Prizm News / July 23, 2018 / By Bob Vitale

The Rev. Virginia Lohmann Bauman

‘There is not a church anywhere that is forced to marry a gay couple.’


By Bob Vitale

Before she was ordained as a Christian minister, Virginia Lohmann Bauman worked for 11 years as a trial lawyer.

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You can tell by the way she refutes religious-based arguments against the proposed Ohio Fairness Act, which would add sexual orientation and gender identity to state nondiscrimination laws.

In a 3 1/2-minute video posted Monday by Equality Ohio, the senior pastor at St. John’s United Church of Christ in Columbus calmly explains why others in her current profession are mistaken when they argue that the bill introduced by state Rep. Nickie Antonio of Lakewood would force churches to host same-sex weddings and other such nonsense.

It’s part of a new series by the statewide LGBTQ advocacy group called “Faith Speech: Voices of Inclusion in Ohio Churches.”

“We are very fortunate that the First Amendment to the United States Constitution and Article 1 of the Ohio Constitution already provide the freedoms that we need as faith leaders to practice our faith unfettered and unrestrained,” she says.

Watch the Rev. Lohmann Bauman’s full talk here:

Faith Speech: Voices of LGBTQ Inclusion

Rev. Virginia Lohmann Bauman (J.D., M.Div.) explains why she supports HB160, The Ohio Fairness Act, which would add LGBTQ people to the laws that make discrimination illegal in Ohio.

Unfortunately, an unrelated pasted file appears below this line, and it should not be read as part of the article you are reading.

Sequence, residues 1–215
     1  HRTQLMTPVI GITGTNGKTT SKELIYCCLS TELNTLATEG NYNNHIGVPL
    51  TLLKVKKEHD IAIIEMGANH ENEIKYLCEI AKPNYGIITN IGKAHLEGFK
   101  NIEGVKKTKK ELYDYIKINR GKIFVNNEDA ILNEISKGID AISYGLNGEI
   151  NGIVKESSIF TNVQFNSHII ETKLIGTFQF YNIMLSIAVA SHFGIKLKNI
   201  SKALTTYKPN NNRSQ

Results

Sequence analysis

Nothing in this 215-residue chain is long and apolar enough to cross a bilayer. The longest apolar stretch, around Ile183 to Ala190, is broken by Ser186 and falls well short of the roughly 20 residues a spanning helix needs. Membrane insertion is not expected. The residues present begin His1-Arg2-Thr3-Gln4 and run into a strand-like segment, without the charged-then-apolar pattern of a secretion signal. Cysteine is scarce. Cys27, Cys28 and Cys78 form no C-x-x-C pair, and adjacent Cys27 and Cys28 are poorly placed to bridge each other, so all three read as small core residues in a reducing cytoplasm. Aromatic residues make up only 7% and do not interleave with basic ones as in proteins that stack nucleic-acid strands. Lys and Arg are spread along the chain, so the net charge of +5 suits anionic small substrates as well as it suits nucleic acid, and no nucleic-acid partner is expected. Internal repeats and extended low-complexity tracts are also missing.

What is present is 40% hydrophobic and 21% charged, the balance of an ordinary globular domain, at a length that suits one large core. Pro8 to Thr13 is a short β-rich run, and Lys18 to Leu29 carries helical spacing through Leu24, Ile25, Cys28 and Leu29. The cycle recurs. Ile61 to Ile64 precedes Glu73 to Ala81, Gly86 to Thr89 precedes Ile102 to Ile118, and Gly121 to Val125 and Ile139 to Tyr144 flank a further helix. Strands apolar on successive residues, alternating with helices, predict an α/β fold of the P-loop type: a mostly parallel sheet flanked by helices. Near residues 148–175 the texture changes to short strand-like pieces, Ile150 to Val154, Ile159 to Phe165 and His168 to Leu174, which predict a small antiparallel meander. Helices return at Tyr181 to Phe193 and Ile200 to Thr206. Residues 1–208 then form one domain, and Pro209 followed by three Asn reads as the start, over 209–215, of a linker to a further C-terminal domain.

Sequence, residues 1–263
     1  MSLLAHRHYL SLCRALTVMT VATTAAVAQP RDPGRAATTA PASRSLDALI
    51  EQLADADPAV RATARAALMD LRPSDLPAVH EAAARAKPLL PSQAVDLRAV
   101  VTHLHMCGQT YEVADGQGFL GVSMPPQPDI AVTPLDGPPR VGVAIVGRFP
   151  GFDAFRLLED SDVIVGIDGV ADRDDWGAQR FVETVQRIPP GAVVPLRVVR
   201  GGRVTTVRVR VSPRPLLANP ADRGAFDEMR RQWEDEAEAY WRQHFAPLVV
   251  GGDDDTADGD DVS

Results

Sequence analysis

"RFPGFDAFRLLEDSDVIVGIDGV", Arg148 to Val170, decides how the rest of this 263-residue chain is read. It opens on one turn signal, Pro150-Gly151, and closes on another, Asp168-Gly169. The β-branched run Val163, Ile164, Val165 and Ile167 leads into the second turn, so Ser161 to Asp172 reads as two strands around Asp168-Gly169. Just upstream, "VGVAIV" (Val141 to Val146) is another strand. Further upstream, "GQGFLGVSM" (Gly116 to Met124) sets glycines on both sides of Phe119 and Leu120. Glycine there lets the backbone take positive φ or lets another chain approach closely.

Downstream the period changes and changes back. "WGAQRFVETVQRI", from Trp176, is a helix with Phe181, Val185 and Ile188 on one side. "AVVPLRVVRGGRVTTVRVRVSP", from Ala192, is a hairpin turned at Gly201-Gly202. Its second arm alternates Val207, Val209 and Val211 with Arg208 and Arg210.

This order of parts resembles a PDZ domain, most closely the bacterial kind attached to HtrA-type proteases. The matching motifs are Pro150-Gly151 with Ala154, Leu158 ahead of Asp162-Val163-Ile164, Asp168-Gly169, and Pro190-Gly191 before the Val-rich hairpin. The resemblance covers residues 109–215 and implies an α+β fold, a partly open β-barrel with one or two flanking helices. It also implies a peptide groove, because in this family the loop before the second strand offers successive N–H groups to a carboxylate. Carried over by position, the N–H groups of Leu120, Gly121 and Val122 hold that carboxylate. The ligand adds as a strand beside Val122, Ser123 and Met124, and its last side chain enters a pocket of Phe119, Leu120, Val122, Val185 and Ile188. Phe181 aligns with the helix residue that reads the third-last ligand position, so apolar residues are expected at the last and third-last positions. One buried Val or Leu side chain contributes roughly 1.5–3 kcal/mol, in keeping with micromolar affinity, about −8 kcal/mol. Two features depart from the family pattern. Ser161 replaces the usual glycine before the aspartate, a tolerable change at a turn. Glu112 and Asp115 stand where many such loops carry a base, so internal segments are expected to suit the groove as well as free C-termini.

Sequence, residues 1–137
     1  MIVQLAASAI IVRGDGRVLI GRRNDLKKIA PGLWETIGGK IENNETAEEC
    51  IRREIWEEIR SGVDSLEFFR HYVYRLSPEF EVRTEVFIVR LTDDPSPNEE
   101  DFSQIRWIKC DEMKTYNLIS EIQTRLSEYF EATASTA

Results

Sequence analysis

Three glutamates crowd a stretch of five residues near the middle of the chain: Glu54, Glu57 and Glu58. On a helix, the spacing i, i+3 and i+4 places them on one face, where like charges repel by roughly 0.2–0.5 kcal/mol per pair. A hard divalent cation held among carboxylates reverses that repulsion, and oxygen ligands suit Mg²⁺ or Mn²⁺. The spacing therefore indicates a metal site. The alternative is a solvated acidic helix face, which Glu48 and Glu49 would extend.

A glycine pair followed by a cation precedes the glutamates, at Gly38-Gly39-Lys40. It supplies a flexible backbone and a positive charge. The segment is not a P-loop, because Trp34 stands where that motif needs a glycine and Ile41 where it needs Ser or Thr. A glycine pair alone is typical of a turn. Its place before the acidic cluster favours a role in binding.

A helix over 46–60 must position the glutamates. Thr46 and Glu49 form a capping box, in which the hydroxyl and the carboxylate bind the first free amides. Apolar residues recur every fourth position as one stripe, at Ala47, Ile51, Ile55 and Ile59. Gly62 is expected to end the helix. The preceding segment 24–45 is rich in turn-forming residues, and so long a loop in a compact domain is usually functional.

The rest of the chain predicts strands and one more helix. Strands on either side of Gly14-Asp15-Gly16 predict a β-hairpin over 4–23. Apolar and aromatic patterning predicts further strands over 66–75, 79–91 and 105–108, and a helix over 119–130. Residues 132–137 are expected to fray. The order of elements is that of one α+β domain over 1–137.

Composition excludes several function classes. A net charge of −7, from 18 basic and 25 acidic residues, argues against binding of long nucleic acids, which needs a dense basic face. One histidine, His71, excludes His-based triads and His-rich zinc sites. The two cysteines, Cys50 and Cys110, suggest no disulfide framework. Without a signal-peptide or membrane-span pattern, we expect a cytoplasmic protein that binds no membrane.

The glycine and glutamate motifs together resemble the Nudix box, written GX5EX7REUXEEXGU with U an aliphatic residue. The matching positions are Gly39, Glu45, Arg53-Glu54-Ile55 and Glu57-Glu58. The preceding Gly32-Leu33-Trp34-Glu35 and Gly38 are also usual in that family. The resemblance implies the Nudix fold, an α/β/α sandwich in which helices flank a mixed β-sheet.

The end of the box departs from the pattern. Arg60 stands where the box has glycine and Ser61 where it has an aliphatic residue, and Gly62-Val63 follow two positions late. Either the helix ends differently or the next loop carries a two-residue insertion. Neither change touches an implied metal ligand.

Posted by Equality Ohio on Monday, July 23, 2018

Here are some of the other highlights to commit to memory when you find yourself in a dinner-table debate:

• “There is not a church anywhere that is forced to marry a gay couple. … Churches have autonomy in those kinds of decisions.”

• “Nowhere in our state Constitution or our federal Constitution are we allowed to impose our beliefs on other people.”

• “What’s happening here with restrictions and discrimination that’s occurring on the basis of gender identity, sexual orientation, etc., is a misunderstanding of our constitutional protections, a misunderstanding of the scope of the practice of faith, and it’s fundamentally a misunderstanding of who we are as people of God and as Ohioans.”


Bob Vitale
A Toledo native and graduate of Toledo Public Schools, Bob has worked as a local government and politics reporter for The Columbus Dispatch, as a Washington correspondent for Thomson Newspapers and as editor-in-chief for Outlook Ohio. He has a bachelor's degree in journalism and political science from Ball State University and a master's degree in public affairs reporting from the University of Illinois-Springfield.